The Banff conference will also be the venue at which we announce the new Directorship of the IPDLN for the next two years (2019 and 2020). As co-directors, we engaged with a number of individuals and organizations with interest in leading the IPDLN. In the end, two compelling Directorship applications were submitted – one a joint bid from Australia’s Population Health Research Network and the South Australia Northern Territory DataLink, and the other from the US-based Actionable Intelligence for Social Policy. IPDLN members submitted votes on these strong leadership bids through an online voting process, and while the excellence and appeal of both bids was apparent in strong voter support for both, a winning bid has been confirmed, and it will (as mentioned) be announced at the upcoming September conference.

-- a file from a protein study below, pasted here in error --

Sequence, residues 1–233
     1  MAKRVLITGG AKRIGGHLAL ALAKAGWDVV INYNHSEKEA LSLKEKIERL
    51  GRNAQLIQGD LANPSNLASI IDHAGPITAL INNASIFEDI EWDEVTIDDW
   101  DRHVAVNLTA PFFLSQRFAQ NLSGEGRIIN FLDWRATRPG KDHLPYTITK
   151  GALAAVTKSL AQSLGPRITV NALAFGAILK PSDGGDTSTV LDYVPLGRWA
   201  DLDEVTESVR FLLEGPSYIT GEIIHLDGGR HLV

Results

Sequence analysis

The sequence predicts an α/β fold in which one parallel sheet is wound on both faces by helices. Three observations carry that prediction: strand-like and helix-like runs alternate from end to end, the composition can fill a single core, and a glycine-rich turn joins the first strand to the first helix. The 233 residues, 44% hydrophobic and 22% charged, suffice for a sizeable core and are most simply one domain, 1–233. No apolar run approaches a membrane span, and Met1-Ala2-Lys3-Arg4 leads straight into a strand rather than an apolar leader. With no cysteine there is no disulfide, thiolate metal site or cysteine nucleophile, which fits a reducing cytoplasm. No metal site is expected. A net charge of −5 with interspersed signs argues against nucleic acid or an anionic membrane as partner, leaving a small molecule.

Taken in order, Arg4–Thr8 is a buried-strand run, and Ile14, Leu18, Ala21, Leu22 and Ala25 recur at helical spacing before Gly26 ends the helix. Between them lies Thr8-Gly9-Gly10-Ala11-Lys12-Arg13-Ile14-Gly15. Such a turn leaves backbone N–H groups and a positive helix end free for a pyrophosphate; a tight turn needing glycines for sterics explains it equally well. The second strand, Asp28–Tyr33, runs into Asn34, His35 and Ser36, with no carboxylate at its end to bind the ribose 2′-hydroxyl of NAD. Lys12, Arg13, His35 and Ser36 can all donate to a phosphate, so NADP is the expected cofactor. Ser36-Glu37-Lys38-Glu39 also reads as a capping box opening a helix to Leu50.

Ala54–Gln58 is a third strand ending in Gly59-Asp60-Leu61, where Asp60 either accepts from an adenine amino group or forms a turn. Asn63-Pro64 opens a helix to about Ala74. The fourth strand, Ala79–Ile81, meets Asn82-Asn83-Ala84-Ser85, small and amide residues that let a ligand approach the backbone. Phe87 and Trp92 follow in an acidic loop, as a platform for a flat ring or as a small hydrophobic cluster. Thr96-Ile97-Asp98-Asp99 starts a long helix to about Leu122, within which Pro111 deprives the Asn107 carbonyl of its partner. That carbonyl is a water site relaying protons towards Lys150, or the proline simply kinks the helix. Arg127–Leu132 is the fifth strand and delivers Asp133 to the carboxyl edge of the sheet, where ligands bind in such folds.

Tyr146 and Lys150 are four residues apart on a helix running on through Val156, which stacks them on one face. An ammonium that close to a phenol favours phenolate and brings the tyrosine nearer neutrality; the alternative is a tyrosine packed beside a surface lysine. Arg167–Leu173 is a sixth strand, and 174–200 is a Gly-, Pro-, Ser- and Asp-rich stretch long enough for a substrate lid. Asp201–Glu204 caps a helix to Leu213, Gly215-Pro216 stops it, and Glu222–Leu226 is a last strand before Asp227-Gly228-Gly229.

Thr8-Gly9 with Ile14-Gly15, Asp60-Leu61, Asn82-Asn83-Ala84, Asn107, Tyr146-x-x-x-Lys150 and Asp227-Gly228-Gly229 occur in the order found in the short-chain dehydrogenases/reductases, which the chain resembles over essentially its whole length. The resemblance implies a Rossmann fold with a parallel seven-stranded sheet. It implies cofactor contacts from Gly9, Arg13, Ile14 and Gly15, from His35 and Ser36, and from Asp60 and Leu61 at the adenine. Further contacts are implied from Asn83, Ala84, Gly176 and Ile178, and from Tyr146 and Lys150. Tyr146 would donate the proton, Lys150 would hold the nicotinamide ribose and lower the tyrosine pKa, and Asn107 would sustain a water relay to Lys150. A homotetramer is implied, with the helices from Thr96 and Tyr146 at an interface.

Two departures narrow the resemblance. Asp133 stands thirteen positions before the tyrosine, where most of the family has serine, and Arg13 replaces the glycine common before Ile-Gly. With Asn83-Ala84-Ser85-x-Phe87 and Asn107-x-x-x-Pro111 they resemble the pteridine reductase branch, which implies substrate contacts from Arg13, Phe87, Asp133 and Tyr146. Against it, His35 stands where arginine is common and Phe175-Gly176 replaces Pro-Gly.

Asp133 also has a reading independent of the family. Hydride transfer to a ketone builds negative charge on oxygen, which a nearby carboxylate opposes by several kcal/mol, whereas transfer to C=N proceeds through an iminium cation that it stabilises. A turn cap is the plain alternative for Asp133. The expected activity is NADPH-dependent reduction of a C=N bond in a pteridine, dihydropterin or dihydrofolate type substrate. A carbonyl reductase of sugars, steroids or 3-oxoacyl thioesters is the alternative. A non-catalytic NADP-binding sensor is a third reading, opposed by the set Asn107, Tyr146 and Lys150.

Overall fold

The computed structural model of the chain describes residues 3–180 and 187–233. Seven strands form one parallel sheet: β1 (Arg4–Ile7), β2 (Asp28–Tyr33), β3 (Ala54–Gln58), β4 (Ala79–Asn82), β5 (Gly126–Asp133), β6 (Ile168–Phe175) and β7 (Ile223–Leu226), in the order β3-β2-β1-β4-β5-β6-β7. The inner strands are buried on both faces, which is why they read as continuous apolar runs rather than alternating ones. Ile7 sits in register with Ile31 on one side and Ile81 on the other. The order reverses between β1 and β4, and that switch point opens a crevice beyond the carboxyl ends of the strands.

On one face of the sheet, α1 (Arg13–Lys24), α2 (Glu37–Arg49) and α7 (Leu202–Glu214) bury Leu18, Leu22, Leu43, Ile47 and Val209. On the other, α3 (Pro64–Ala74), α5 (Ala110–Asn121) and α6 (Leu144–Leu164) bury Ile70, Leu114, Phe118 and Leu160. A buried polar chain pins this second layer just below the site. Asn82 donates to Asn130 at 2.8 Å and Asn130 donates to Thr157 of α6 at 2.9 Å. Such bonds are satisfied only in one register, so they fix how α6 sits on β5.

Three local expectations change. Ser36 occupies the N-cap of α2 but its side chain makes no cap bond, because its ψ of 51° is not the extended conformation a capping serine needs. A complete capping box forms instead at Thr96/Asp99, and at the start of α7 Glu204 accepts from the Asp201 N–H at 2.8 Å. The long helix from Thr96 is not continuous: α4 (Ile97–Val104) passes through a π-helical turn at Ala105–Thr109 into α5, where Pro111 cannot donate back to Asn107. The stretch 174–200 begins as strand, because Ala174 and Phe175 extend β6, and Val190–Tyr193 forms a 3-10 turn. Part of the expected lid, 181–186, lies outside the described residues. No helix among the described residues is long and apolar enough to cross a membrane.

As we look forward to the Banff meeting with great anticipation, we are compelled to acknowledge the growing IPDLN legacy created by past directors. We are particularly indebted to our immediate predecessor, Dr. David Ford, and his team at Swansea University. Their work in hosting the 2016 IPDLN conference has been an inspiration to us in the planning of this year’s conference, and their crucial and foundational work in creating an IT platform for the IPDLN website, the membership database, and the new International Journal for Population Data Science has brought the IPDLN to a new level of organizational sophistication. Over the last 18 months, our co-directorship teams from the Institute for Clinical Evaluative Sciences in Ontario and the O’Brien Institute for Public Health at the University of Calgary have built on the foundation established by prior directors to update/enhance the IPDLN website and membership database. The IPDLN has more members than ever before representing a greater number of countries, and we have a more formalized governance structure with the creation of an Executive Committee that will include immediate past-Directors in order to better ensure continuity. A new Executive Committee will be elected by the IPDLN membership following the Banff conference.